While Congress continues to face partisan gridlock on climate issues, many states have moved forward with climate action.
In 2021, five states – Illinois, Massachusetts, Oregon, North Carolina, and Rhode Island – passed laws requiring a shift to 100% carbon-free electricity or net-zero emissions. Washington State passed a law that helps to implement its strong 2019 and 2020 climate and clean energy laws. Washington’s new legislation establishes a carbon trading program that will help the state to meet its goals of economy-wide emission cuts and 100% carbon-free electricity.
Several other states made progress on climate and clean energy by taking targeted actions not quite as aggressive as 100% laws, but significant, nonetheless.
The five states that entered the so-called 100% club joined with the six states that had earlier passed such legislation. Those are California, Hawaii, New Mexico, New York, Virginia, and Washington. Both Puerto Rico and Washington D.C. are also members of the club.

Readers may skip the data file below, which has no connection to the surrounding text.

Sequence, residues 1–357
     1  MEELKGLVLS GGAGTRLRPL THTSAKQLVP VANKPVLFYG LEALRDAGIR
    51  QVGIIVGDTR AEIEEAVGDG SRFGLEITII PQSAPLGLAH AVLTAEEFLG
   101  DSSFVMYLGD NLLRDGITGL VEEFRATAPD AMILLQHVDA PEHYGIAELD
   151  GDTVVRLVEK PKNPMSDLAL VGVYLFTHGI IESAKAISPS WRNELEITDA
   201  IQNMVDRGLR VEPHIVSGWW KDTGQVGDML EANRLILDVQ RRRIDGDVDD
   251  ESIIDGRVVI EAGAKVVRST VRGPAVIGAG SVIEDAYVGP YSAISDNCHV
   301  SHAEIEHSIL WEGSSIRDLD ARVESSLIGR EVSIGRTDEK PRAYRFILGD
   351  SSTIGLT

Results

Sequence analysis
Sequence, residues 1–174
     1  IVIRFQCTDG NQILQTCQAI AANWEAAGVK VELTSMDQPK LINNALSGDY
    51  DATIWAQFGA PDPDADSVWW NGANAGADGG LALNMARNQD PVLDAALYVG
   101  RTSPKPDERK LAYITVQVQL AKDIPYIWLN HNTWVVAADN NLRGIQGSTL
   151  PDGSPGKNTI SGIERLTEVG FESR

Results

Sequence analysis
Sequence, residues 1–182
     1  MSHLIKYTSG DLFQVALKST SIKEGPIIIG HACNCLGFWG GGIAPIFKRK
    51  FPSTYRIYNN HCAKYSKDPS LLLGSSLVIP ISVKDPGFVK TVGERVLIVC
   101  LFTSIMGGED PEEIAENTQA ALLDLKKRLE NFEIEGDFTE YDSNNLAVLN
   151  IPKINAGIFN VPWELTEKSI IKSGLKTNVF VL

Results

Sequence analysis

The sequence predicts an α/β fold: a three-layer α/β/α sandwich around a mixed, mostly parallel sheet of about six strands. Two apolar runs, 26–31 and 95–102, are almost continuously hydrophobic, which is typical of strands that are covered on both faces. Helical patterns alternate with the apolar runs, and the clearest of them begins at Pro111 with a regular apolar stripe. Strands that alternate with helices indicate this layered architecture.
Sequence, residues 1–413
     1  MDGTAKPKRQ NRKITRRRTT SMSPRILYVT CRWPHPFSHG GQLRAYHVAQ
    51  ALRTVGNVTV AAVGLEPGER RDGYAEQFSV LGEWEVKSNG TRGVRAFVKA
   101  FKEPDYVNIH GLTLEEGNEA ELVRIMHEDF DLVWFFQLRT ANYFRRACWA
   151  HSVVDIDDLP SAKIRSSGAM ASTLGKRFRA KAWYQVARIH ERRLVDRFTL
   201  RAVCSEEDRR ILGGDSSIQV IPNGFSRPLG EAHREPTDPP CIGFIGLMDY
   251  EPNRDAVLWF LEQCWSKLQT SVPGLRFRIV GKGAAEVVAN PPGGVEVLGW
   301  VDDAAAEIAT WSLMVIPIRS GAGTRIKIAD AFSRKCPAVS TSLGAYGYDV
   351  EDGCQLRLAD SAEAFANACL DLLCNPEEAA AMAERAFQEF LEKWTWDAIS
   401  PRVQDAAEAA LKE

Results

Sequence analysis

The past year may well be the biggest year yet for significant clean energy legislation. Some of the states that finally passed laws had been gearing up for it for years. This is particularly true of Massachusetts and Illinois.
Actions by individual states are not an antidote to inaction by the federal government, but they help. At this point, about one-third of the country’s population lives in states that have laws requiring a transition to 100% carbon-free electricity, 100% renewable electricity, or net-zero emissions.
All of this activity began in 2015, when Hawaii passed its renewable energy law.
Photo, posted August 12, 2021, courtesy of Glacier NPS via Flickr.